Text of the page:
I couldn't ask for a better way to start my 34th year of living: I have all four of my boys (Ohio and Georgia), my daughter and awesome wife around me. That said, there are things I know I could improve with myself.
While Tammy was pregnant with Hannah, I put on a lot of "sympathy" weight. That's what Tammy called it anyway. Personally, I called it "competitive" weight. Regardless of the why, the simple fact is that I put on too much weight. Now, I have to lose it.
Project: Final Reset
Tammy and I plan on Hannah being our final contribution (of little bundles of joy) to the world. Recently, we were talking about that while we took a mile walk around a park with Hannah and Will. Tammy said something along the lines of, "It's nice to know we won't have to hit the reset button anymore."
Obviously, we love having children, but we both have to hit the reset button on our weight with each child. Tammy has biological reasons. Mine are more psychological, I guess (and yes, I realize there's probably plenty everyone could say about that).
Anyway, I consider this latest round of weight loss Project: Final Reset. The goal is that I don't have to hit that dreaded reset button again on my weight and my health. Here's how it works:
- Lose weight. I'm doing this by eating healthier foods and smaller portions. Not exactly brain science, but I do feel the diet I'm using (mentioned below) is the best out of the several diets I've tried over the years.
- Start running. I'm waiting until my weight gets close to or below 210 pounds before running. I've tried running at heavier weights before, and the same thing always happens: I slim down, but lose virtually no weight. And heavy is heavy when you're running, whether it's fat or muscle.
- Stay consistent. This means that I plan to make my diet my normal way of eating. I don't have an end date for quitting the diet. Once I get close to my target weight, I will try to adjust portions to ensure I don't completely disappear, but I want to stay healthy. This also means I want to continue working out at least 3-4 days a week too.
- Budget. Not all my changes are physical. Tammy and I had to create a tight budget to accommodate for her maternity leave (after Hannah). We both plan on continuing the tight budget after she goes back to work. That way, we can finish paying off all our debt and put more money in savings.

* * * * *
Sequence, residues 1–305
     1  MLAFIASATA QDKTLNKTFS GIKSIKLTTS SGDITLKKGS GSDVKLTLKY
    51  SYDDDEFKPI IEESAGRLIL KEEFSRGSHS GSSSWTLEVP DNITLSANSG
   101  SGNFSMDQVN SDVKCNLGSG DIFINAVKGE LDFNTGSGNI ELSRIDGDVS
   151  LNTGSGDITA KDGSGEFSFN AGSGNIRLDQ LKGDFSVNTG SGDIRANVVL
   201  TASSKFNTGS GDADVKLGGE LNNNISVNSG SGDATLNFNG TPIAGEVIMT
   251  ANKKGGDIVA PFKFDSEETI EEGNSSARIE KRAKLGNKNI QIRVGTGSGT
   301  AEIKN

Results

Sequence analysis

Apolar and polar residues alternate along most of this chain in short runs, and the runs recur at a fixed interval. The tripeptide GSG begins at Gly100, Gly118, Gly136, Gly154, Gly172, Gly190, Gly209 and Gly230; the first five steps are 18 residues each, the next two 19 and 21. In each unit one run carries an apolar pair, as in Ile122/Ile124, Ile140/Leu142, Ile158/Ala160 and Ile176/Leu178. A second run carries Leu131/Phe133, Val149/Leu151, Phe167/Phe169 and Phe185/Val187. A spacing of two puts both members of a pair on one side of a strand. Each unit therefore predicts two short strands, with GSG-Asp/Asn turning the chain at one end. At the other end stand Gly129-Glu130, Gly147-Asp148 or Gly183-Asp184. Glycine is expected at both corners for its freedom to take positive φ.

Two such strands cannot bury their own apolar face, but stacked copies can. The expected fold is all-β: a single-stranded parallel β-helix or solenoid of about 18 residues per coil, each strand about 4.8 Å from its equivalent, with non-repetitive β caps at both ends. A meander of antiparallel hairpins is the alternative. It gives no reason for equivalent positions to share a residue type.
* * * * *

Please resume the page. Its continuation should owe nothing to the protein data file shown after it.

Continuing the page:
- Simplify. I've already been working on this for more than a year, but it's a process that I think is very important to all my other goals. The more I can simplify processes and my own schedule the more time I can spend with my family and on myself.
I could've waited until my birthday (or Janaury 1, 2012), but I didn't. I've actually been working toward my goals for 3 weeks now. In 3 weeks, I've lost 19 pounds!
I'm following a healthy liver diet that was working extremely well for me when Tammy got pregnant with Hannah. Of course, I quit the diet soon after hearing the news. Now that I'm back on it, I really can't understand why I ever left it.
The diet cuts out foods that overload the liver--red meats, sugar, dairy, and processed meats--and replaces them with healthy foods--raw fruits and veggies, whole wheat breads, eggs, chicken, and fish. I still have cravings for the bad stuff, but I also know how carried away I can get once I get started.
I don't have an end date for my diet and fitness objectives. However, I do have one goal: On Thanksgiving morning, I want to run the Atlanta Half-Marathon. I don't have a goal time; the goal is simply to run the whole race from beginning to end.
Maybe after 13.1 miles of punishment, I'll let myself have a day of feasting.
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The diet I'm on worked in the past and is working again. It's not only a diet that helps you lose weight, but it helps your body function better by taking care of your liver. In fact, the diet was originally created to help cure other ailments--outside of weight loss--and for me, it's helped my skin feel smoother and gets rid of headaches.
Click here to learn more about The Liver Cleansing Diet, by Sandra Cabot.